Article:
The road to Bus Interface of HHD, from ATA to SAS

2020-01-18 17:09:13

Hard disk drives are accessed over one of a number of bus types, including parallel ATA (PATA, also called IDE or EIDE; ), Serial ATA (SATA), SCSI and Serial Attached SCSI (SAS). There are also some other interface that hard disk drives used, but these are four most important bus types.

Among these four, ATA and SATA can be as a twin, while SCSI and SAS are another twin. They have a common point, which is parallel and serial. ATA uses a way of parallel, but SATA uses serial. And SCSI uses a way of parallel, but SAS uses serial.

Let me introduce more details of each.


1. ATA

Parallel ATA (Parallel Advanced Technology Attachment or PATA) is a standard for connecting hard drives into computer systems. As its name implies, PATA is based on parallel signaling technology. Parallel ATA dates back to the 1980s. Integrated Drive Electronics ( IDE ) drives operate according to this standard.



ATA interface



Serial ATA (Serial Advanced Technology Attachment or SATA) is a standard for connecting and transferring data from hard disk drives (HDDs) to computer systems. As its name implies, SATA is based on serial signaling technology, unlike Integrated Drive Electronics (IDE) hard drives that use parallel signaling.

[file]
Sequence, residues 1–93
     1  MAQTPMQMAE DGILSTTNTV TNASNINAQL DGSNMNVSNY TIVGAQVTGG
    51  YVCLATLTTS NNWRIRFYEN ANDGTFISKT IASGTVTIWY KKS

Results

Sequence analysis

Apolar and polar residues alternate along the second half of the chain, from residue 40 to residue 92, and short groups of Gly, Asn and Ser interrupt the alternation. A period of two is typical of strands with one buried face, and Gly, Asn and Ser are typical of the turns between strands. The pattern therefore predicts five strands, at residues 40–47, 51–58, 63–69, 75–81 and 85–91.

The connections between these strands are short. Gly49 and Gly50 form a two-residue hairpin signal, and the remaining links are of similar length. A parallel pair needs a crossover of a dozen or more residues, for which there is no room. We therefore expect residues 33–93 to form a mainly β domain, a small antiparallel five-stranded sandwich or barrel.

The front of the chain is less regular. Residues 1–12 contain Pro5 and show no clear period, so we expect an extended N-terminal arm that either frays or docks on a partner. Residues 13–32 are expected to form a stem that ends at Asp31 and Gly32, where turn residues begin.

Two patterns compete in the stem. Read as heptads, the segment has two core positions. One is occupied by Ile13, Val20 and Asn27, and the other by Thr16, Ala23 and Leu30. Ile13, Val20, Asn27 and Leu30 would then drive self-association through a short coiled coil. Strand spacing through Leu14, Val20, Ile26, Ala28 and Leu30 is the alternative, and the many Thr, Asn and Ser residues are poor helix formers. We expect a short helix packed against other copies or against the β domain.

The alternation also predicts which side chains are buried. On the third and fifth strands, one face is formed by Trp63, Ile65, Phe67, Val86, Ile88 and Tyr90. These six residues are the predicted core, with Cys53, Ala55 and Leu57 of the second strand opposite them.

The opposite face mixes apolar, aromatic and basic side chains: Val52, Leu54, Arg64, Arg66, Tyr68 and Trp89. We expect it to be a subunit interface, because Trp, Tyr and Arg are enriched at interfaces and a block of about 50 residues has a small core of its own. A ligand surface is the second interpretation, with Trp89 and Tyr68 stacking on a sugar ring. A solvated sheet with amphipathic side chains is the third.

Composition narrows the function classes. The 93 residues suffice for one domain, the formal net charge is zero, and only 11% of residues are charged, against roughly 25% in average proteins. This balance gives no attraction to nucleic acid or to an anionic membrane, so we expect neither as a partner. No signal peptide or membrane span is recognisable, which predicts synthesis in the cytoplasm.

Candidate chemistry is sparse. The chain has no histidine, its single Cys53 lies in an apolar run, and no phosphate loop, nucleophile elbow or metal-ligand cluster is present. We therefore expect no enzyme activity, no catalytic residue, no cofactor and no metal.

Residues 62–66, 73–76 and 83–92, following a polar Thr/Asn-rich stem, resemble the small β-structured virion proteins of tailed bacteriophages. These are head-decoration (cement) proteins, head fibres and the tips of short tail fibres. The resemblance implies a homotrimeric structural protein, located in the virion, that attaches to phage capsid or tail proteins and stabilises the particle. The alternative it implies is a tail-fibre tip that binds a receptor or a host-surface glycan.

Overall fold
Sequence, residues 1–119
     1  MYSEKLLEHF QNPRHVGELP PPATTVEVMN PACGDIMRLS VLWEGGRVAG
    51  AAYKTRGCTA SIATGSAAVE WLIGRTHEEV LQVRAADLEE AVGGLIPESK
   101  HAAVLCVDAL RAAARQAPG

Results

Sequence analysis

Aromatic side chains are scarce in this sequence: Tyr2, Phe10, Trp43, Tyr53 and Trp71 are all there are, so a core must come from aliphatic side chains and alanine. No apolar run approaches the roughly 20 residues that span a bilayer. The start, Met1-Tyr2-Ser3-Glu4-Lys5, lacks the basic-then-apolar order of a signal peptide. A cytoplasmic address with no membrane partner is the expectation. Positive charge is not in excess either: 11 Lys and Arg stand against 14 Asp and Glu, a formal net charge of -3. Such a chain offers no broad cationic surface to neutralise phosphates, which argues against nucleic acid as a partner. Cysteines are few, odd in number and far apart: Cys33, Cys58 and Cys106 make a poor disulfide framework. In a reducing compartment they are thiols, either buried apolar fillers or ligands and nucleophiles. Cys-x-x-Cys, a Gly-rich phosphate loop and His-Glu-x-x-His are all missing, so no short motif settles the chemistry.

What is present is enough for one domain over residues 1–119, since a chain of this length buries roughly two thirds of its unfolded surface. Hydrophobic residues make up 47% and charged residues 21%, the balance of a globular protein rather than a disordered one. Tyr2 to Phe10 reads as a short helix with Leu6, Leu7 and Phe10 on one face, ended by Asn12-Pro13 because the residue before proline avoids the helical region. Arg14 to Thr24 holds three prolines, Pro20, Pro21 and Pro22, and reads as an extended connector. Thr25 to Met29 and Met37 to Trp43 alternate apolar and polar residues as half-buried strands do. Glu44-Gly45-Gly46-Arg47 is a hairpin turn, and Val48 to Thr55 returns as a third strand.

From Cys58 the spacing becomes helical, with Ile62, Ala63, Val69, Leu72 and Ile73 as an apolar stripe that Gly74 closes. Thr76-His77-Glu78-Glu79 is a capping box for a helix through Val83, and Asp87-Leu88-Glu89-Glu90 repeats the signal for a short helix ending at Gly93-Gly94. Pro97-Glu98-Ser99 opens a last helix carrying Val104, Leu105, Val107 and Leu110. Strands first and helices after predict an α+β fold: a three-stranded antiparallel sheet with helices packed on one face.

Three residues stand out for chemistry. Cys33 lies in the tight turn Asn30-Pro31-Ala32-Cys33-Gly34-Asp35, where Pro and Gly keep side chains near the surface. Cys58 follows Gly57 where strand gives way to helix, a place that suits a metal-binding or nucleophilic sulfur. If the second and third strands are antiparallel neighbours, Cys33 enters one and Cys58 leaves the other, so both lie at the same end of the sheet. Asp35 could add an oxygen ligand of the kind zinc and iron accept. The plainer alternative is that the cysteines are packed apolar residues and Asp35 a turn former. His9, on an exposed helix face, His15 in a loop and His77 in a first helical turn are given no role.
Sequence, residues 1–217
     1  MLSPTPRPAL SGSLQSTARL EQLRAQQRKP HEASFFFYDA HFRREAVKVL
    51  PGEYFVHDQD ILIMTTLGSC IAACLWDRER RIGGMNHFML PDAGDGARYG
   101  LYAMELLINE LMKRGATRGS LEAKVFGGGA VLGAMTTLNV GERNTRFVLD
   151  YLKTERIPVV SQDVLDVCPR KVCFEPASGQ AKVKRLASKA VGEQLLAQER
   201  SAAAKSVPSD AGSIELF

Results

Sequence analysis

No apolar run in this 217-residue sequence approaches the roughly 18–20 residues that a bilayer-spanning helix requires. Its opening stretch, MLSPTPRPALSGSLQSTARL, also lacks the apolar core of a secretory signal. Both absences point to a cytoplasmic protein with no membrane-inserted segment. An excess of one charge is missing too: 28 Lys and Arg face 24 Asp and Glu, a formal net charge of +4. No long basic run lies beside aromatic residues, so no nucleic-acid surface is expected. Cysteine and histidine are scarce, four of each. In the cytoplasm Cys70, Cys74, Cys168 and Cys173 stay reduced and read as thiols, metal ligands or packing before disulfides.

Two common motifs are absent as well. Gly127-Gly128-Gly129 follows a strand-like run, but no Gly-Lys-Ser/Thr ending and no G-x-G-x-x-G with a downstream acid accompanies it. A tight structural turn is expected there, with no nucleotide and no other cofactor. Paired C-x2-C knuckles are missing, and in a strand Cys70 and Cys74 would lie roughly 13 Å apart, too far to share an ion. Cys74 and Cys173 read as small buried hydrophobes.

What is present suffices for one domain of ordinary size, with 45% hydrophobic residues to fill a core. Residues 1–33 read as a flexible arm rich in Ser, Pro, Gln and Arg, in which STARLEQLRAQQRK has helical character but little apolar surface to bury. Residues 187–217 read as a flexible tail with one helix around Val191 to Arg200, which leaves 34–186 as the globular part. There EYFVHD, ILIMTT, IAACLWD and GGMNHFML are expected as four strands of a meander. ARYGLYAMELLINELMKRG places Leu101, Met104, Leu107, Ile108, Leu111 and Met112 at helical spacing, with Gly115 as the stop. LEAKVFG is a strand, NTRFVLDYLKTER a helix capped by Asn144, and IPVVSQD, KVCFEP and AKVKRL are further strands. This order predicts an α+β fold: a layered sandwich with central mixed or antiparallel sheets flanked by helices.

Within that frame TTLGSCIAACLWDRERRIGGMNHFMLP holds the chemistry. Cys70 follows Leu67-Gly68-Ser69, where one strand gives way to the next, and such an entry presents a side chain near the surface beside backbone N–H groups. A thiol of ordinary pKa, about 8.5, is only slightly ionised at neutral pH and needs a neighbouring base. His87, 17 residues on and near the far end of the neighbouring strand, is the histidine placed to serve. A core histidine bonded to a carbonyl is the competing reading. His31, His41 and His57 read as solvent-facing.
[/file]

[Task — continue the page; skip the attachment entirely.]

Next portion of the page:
The fastest SATA now is SATA 3.0, which supports speed up to 6Gb/s. While the original SATA 1.0 has the speed up to 1.5Gb/s.

The bandwidth of SATA Generation:

•SATA 1.0 1.5Gb/s

•SATA 2.0 3Gb/s

•SATA 3.0 6Gb/s



SCSI (pronounced SKUH-zee and sometimes colloquially known as "scuzzy"), the Small Computer System Interface, is a set of American National Standards Institute (ANSI) standard electronic interfaces that allow personal computers (PCs) to communicate with peripheral hardware such as disk drives, tape drives, CD-ROM drives, printers and scanners faster and more flexibly than previous parallel data transfer interfaces.





4. SAS

Serial-attached SCSI (SAS) is a method used in accessing computer peripheral devices that employs a serial (one bit at a time) means of digital data transfer over thin cables. Compared to other bus protocol, SAS is most widely used in storage field. Look at the below figure, which shows the history of SAS’s development.


The bandwidth of SAS Generation:

•SAS 1.0 3.0Gb/s

•SAS 2.0 6.0Gb/s

•SAS 3.0 12.0Gb/s

•SAS 4.0 24.0Gb/s